A whole foods diet is one that is made up of foods that are as close to their natural form as possible. Foods are minimally processed and there is an emphasis on eating fresh fruits and vegetables, whole grains, tubers, legumes, lean animal proteins and plant proteins, and low-fat dairy. It is possible to incorporate whole foods into any diet style and has been shown to be beneficial for overall health and wellness. This is a simple method of eating and one that is high in nutrients, fiber, vitamins, and minerals. We've gathered up some of our favorite recipes that showcase these whole foods throughout the day!
Healthy Banana Bread Breakfast Cookies: Monique of Ambitious Kitchen
Veggie Scrambled Egg Muffins: Anne Mauney of fANNEtastic Food
Warm Kale Breakfast Salad: Kaleigh McMordie RD of Lively Table
Zucchini, Bacon, and Basil Side Salad: Diana Rogers RD LDN of Sustainable Dish
Mediterranean Hummus Party Dip: Laura Ligos MBA RD CSSD of The Sassy Dietitian
Whole Wheat Flatbread: Lindsay Livingston RDN of The Lean Green Bean
Vegan Chickpea Walnut Tacos: Alexis Joseph MS RD LDN of Hummusapien
Thai Butternut Squash Soup: Lily Nichols RDN CDE of Pilates Nutritionist
Quinoa With Vegetables and Maple Ginger Tahini: Lizzie Streit MS RDN LD of It’s a Veg World After All
Simple Shakshuka: McKell Hill of Nutrition Stripped
Sesame-Crusted Salmon: Rachael DeVaux RD of Rachael’s Good Eats
Vegetarian Ramen Noodle Soup: Rachael Hartley RD CDE CLT of Rachael Hartley Nutrition
The cheapest vegetables are the ones already in my garden. No need to go to the store... and I can continue social distancing while also getting some sunshine.
This past Fall I was a little busy and left a few things to "winter over" in our mild PNW climate. Now they are coming back full-force. The flowering bok choy in particular is a bright spot in my day and the bees are enjoying it too.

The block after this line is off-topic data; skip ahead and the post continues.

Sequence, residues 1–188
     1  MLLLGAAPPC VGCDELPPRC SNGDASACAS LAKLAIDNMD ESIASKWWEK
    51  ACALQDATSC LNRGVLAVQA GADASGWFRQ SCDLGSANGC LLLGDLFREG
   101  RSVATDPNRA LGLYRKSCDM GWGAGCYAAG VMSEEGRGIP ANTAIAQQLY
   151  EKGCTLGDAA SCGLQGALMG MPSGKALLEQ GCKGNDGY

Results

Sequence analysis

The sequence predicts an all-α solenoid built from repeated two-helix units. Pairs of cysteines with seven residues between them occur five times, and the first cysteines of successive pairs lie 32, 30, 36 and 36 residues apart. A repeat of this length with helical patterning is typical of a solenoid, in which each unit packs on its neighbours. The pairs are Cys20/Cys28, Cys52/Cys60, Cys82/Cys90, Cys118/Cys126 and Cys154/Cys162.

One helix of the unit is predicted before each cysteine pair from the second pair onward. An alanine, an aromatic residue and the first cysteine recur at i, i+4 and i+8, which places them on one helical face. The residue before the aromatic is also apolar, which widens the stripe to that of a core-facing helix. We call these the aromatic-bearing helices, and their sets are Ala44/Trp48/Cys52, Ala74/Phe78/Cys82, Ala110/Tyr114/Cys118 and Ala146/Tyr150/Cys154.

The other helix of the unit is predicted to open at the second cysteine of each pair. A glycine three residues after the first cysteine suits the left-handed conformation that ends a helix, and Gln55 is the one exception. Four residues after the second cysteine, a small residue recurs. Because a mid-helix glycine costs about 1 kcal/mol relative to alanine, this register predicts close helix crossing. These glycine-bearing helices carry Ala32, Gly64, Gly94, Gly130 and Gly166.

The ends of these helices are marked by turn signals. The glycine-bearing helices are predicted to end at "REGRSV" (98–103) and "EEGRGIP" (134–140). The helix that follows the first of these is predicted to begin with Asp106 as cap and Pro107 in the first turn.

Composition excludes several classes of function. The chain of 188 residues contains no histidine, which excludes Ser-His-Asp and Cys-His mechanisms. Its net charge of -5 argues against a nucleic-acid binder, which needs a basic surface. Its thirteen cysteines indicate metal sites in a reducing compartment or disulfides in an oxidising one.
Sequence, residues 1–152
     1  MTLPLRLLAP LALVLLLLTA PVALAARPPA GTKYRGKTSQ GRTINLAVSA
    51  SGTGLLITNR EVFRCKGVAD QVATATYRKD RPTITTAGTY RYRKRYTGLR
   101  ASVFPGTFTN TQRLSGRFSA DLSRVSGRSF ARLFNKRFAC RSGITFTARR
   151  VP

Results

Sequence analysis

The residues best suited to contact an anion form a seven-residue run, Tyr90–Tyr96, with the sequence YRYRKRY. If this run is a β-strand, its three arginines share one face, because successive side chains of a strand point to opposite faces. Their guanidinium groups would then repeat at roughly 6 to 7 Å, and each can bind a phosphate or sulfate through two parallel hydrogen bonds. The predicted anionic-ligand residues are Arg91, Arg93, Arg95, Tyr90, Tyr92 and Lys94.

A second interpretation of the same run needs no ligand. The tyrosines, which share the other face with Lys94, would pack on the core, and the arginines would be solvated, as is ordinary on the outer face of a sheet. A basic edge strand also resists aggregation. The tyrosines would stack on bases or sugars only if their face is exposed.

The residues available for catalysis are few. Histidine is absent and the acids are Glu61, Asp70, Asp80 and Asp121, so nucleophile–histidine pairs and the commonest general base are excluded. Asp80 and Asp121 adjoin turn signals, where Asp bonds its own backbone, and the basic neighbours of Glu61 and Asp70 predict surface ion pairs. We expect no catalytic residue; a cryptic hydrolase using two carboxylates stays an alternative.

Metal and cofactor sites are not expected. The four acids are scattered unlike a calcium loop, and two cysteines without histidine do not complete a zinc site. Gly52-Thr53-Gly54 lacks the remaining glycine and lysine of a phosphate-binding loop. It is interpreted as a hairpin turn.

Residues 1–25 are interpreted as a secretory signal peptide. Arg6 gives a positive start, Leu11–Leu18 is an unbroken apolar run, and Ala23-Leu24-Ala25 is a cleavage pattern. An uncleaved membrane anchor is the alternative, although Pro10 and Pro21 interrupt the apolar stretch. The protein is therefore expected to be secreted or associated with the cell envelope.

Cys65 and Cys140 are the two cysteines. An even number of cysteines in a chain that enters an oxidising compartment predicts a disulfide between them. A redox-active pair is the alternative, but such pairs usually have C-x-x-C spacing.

Below is a family favorite recipe for grilling bok choy, followed by a link to a post from last year all about this amazingly versatile vegetable from RDN, Nancy.
Cheers to Good Eating on a Budget!
Tangy Grilled Bok Choy
Fresh Bok Choy, rinsed and patted dry - for baby bunches leave whole, for medium bunches cut in half leaving the stem intact and for large bok choy you can grill individual whole leaves
For fun info & another recipe, click: Bok Choy: A Vegetable With Many Names
To me, asparagus is the harbinger of Spring. There is something so hopeful about seeing that first bunch in the grocery store or, better yet, seeing those first stalks peeking through the soil in your own garden. I like the thicker stalks from more mature plants because they are more tender. There is a higher ratio of "heart" and less stringy outer cellulose as the diameter increases.
This time of year, asparagus goes into everything: sauteed in an egg scramble for breakfast, fresh in salads for lunch and roasted for dinner. To keep asparagus fresh and crisp in your fridge, place the whole bunch in a glass jar or measuring cup with about an inch of water in the bottom and then cover loosely with a plastic bag. We often use only a couple spears at a time, so this method helps the bunch last over an entire week.
If your oven is not available, use your stove-top. For our Simply Sauteed Asparagus recipe, click here.
Preheat the oven to 375 degrees F. Using an 8-9 inch oven-safe skillet, heat oil over medium on the stove-top. Sauté onions and chopped asparagus pieces, followed by adding in greens, garlic and other vegetables (eg tomatoes) until desired tenderness. Keep asparagus tips separate for arranging on top if you wish.